It is been over a year since I have returned from Europe and I realised that I haven’t yet written about Macbeth. Actually, there are quite a lot of things that I have been meaning to write about, both on this blog and on my travel blog, that I simply haven’t got around to doing just yet. I guess a part of it is because there is an awful lot of stuff that I could write about, and also with work and with other things that have got in the way, the amount that I have been able to write has been limited. However, of late I have only intended to post one post a week (and one post a fortnight on my travel blog), and there has been plenty of stuff for me to post that I guess letting a number of things drift isn’t all that bad. However, I did see Macbeth, and I should at least put some time aside to write about it.
We recently finished reading Dracula at our bookclub, and while I have already written a review on the book, I felt that not only was there much more I could say, but I simply cannot leave the book at simply the book because of the huge amount of influence that it has had on our society. For instance, people have said that after reading the book as young person they so fell in love with it that they ended up carrying it everywhere and regularly consulting it (I have a problem – what will Dracula do?). Well, I’m actually not all that sure whether Dracula can be considered a practical guide to life in the way that the Bible is, but also I am not surprised that there are such reactions to the book.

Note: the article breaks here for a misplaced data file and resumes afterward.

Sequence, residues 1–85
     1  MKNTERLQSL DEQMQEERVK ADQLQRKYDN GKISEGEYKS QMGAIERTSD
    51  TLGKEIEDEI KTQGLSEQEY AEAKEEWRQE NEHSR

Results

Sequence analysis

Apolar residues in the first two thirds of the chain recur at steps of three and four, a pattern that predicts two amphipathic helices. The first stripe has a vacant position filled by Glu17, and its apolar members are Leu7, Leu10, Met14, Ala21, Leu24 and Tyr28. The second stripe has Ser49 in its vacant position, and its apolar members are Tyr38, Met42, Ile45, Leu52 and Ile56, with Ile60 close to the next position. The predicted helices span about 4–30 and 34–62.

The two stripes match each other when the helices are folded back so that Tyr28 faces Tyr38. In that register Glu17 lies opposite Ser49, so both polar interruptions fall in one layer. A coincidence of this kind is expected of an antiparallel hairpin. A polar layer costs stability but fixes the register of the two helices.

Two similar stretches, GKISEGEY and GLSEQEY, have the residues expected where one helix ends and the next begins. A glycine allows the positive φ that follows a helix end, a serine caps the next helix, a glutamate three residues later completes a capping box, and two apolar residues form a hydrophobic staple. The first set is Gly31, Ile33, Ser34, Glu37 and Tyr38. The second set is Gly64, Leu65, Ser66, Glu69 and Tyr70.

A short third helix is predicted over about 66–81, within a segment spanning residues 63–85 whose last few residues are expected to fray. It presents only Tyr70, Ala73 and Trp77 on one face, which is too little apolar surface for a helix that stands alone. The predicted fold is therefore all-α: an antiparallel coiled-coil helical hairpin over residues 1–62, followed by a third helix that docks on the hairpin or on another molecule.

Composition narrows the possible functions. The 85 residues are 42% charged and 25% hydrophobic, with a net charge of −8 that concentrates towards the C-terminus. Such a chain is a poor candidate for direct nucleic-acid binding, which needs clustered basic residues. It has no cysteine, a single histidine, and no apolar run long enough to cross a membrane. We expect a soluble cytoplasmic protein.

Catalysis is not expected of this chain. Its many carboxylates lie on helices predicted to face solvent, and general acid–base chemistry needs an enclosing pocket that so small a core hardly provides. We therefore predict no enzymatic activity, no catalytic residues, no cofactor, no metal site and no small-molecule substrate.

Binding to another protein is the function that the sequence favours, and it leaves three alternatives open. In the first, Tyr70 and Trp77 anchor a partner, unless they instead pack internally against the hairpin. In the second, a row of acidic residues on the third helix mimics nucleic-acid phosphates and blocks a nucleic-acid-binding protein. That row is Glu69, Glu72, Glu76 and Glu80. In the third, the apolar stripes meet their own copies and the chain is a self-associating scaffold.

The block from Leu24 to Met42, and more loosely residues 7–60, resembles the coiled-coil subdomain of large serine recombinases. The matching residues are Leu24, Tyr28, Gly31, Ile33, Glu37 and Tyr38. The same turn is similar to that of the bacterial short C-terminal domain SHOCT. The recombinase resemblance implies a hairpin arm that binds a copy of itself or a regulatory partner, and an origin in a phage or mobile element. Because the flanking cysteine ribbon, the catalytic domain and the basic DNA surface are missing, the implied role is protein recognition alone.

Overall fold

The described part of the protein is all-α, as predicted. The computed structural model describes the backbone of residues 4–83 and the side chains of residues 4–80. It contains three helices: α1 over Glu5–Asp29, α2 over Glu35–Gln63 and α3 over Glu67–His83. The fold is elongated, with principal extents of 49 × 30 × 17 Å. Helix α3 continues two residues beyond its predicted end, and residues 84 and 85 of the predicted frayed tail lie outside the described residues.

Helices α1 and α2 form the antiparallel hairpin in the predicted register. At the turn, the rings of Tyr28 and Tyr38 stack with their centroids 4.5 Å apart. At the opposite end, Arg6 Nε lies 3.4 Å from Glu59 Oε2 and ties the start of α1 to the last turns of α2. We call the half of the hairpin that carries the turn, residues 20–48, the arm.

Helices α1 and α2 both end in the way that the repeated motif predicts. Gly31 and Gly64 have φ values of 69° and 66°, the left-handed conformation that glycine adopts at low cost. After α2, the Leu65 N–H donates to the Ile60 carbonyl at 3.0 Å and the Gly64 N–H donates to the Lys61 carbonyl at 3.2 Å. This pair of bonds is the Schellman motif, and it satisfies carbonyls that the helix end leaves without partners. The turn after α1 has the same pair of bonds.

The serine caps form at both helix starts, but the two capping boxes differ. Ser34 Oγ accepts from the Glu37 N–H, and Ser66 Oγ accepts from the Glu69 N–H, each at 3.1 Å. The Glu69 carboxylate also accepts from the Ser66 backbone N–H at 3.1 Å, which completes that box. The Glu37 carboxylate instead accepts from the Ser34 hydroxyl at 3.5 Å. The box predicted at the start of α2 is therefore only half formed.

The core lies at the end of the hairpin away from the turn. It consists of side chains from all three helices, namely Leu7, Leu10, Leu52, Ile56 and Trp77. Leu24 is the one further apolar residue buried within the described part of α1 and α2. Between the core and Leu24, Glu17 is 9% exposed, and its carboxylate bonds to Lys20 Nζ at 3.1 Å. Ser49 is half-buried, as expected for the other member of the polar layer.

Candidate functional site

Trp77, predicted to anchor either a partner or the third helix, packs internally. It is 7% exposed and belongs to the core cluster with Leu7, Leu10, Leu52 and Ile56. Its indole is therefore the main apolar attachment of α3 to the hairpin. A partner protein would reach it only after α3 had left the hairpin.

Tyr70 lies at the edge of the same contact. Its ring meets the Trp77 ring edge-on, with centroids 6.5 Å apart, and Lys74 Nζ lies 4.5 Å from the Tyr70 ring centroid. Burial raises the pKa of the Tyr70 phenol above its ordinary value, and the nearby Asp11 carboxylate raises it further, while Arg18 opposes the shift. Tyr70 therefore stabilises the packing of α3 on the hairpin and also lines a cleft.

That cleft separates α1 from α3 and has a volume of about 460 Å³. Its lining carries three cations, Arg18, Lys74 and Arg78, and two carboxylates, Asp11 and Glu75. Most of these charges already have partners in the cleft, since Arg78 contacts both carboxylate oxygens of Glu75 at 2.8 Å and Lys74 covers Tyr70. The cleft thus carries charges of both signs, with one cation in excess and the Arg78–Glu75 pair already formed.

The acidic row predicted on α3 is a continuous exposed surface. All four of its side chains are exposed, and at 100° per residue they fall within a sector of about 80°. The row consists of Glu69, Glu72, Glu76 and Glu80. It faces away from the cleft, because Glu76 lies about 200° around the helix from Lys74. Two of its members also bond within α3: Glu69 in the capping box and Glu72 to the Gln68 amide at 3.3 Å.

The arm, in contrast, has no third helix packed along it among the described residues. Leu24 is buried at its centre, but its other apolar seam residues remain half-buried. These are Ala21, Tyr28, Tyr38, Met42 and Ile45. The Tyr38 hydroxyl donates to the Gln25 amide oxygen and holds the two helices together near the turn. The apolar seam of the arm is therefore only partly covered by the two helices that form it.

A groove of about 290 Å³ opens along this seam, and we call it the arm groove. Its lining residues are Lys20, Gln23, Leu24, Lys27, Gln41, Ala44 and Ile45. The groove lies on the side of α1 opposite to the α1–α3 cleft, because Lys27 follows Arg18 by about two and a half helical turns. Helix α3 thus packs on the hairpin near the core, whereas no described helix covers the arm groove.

As I was sitting in the theatre watching this play a part of me was wondering if there is actually much more that I could write about this play than the obvious – racism, feminism, and maybe homosexuality. In a way these three aspects seem to dominate the Merchant of Venice, with some critics simply writing it off as some anti-semetic rant of Shakespeare’s. In a way I can understand why people see it that way because our Jewish anti-hero does come across as vengeful, greedy, and quite unforgiving.
Well, that was rather fortuitous that Christopher Nolan released a movie about the evacuation at Dunkirk almost a year after I had visited the place, which basically gives me an excuse to actually write about my experience at the museum. Mind you, there actually isn’t all that much in Dunkirk, and don’t expect a place swarming with tourists or anything, it really isn’t that sort of town. Sure, it does have a beach, but that is basically about it. In fact, when I was sitting in the hotel lobby with a beer and my laptop, at least two couples approached the concierge and asked them if there was anything to actually do (at least at night). Mind you, the hotel that I stayed at was pretty shocking, and they also double-charged me for my room, so not surprisingly I gave it a pretty low score on Yelp.